LA Tries an Anti-Wisconsin Approach to Unions This Friday, some 19,000 Los Angeles workers will vote to accept or reject what Mayor Villaraigosa calls "a watershed moment" in city history. A coalition of six union leaders agreed last week to increase their members' contributions to pension funds and to establish retiree healthcare contributions for the first time. The Mayor said that would save the jobs of 600 workers and spare the entire workforce from furloughs.
Politics and a Fragile Economy Los Angeles' Community College system is the biggest in the nation, and it's been the target of a week-long investigative series by the Los Angeles Times. Four of seven seats on the Board of Trustees are on the ballot citywide. We hear about those races, city council races and several local measures . We also get an update on the municipal and recall elections in the City of Bell.
Update with Deputy Mayor Austin Beutner Austin Beutner has been Los Angeles' First Deputy Mayor since Antonio Villaraigosa appointed him in January. Reportedly, that came at the urging of former Mayor Richard Riordan, Eli Broad and other business and political leaders. Some think Beutner should run for the top job himself when Villaraigosa is termed out in 2013. When Villaraigosa made the appointment he declared the dawn of a new "era of accountability." Aides to Beutner have drawn up a paper called "Nine Months on the Job."
Low Census Returns Costly to California The US Census helps to determine how much money comes from Washington to fund state and federal programs. It also determines how many seats a state gets in Congress. In the City of Los Angeles, just 68% of the residents have returned their forms, compared to 72% nationwide. In Malibu and Avalon, the return rate is even worse. Rick Orlov is City Hall Bureau Chief for the LA Daily News .
LA's Financial Reputation: Saved at the Bell? During this week's dispute over rate hikes demanded for the Department of Water and Power, City Council members compared Mayor Mayor Villaraigosa to Alice in Wonderland. Today, Councilman Paul Koretz said, "We're crawling out of the rabbit hole." That was after Interim City Administrator Ray Ciranna found $30 million in unexpected revenue.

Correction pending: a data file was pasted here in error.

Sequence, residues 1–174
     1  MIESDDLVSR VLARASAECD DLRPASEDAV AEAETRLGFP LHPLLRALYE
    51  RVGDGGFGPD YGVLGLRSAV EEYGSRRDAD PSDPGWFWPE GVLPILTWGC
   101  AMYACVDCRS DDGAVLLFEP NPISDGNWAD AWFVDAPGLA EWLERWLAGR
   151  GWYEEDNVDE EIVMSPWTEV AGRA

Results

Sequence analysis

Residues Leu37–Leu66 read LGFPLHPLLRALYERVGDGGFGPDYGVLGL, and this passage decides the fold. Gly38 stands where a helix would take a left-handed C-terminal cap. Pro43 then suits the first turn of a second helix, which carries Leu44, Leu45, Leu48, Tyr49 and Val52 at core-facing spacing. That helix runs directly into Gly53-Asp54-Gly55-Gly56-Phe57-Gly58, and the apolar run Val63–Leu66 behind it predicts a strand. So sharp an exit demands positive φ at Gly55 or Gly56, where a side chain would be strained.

White House budget proposal slashes and burns President Trump's first budget request is considered dead on arrival in Congress — a familiar development in Capitol Hill. We hear what it reveals about the priorities of the new administration. What's likely to die… and what might survive?
Is the threat from Russia missing from the Russia meddling probe? There's much being made about the Trump administration's possible ties with Russia. But the bottom line is Russia's effort to influence American democracy. Do the President and his aides care enough to take action before voters go back to the polls?
Terrorism and tweets, hate speech and murder Just days before an election, Britain is coping with a rash of deadly terrorism, and Prime Minister Theresa May is on the defensive. And again today, President Trump has tweeted criticism of the Mayor of London. Later, a double murder in Portland, Oregon has revealed the ugly past of a supposedly “progressive” city. One immediate question: is “hate speech” protected by the First Amendment?
What happens when America retreats from the world? Is President Trump taking his "America First" agenda to extremes, withdrawing the country from the international stage on trade and climate change, distancing America from its traditional allies across the Atlantic and even threatening to physically isolate the country through the building of a wall along its southern border? León Krauze guest hosts.